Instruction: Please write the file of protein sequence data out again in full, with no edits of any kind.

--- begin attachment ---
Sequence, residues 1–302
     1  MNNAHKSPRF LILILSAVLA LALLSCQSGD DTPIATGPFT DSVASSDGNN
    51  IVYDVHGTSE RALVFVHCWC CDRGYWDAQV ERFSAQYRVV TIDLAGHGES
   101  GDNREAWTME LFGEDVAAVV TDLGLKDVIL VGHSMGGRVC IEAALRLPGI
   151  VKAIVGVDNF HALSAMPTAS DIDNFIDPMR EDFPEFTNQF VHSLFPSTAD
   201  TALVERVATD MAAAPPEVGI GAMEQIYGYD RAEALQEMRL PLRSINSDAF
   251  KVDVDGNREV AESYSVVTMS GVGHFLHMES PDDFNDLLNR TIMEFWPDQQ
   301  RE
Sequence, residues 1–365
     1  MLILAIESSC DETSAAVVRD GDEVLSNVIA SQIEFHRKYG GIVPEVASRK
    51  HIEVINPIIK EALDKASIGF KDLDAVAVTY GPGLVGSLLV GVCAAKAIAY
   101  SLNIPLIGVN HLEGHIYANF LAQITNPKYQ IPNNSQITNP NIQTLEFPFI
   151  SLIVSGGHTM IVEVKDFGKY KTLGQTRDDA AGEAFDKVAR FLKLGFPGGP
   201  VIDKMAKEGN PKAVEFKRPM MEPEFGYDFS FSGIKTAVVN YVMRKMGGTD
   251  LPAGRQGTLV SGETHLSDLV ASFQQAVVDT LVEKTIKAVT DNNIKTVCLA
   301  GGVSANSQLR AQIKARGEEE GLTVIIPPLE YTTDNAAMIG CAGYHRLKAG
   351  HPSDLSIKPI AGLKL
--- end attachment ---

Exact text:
Sequence, residues 1–302
     1  MNNAHKSPRF LILILSAVLA LALLSCQSGD DTPIATGPFT DSVASSDGNN
    51  IVYDVHGTSE RALVFVHCWC CDRGYWDAQV ERFSAQYRVV TIDLAGHGES
   101  GDNREAWTME LFGEDVAAVV TDLGLKDVIL VGHSMGGRVC IEAALRLPGI
   151  VKAIVGVDNF HALSAMPTAS DIDNFIDPMR EDFPEFTNQF VHSLFPSTAD
   201  TALVERVATD MAAAPPEVGI GAMEQIYGYD RAEALQEMRL PLRSINSDAF
   251  KVDVDGNREV AESYSVVTMS GVGHFLHMES PDDFNDLLNR TIMEFWPDQQ
   301  RE
Sequence, residues 1–365
     1  MLILAIESSC DETSAAVVRD GDEVLSNVIA SQIEFHRKYG GIVPEVASRK
    51  HIEVINPIIK EALDKASIGF KDLDAVAVTY GPGLVGSLLV GVCAAKAIAY
   101  SLNIPLIGVN HLEGHIYANF LAQITNPKYQ IPNNSQITNP NIQTLEFPFI
   151  SLIVSGGHTM IVEVKDFGKY KTLGQTRDDA AGEAFDKVAR FLKLGFPGGP
   201  VIDKMAKEGN PKAVEFKRPM MEPEFGYDFS FSGIKTAVVN YVMRKMGGTD
   251  LPAGRQGTLV SGETHLSDLV ASFQQAVVDT LVEKTIKAVT DNNIKTVCLA
   301  GGVSANSQLR AQIKARGEEE GLTVIIPPLE YTTDNAAMIG CAGYHRLKAG
   351  HPSDLSIKPI AGLKL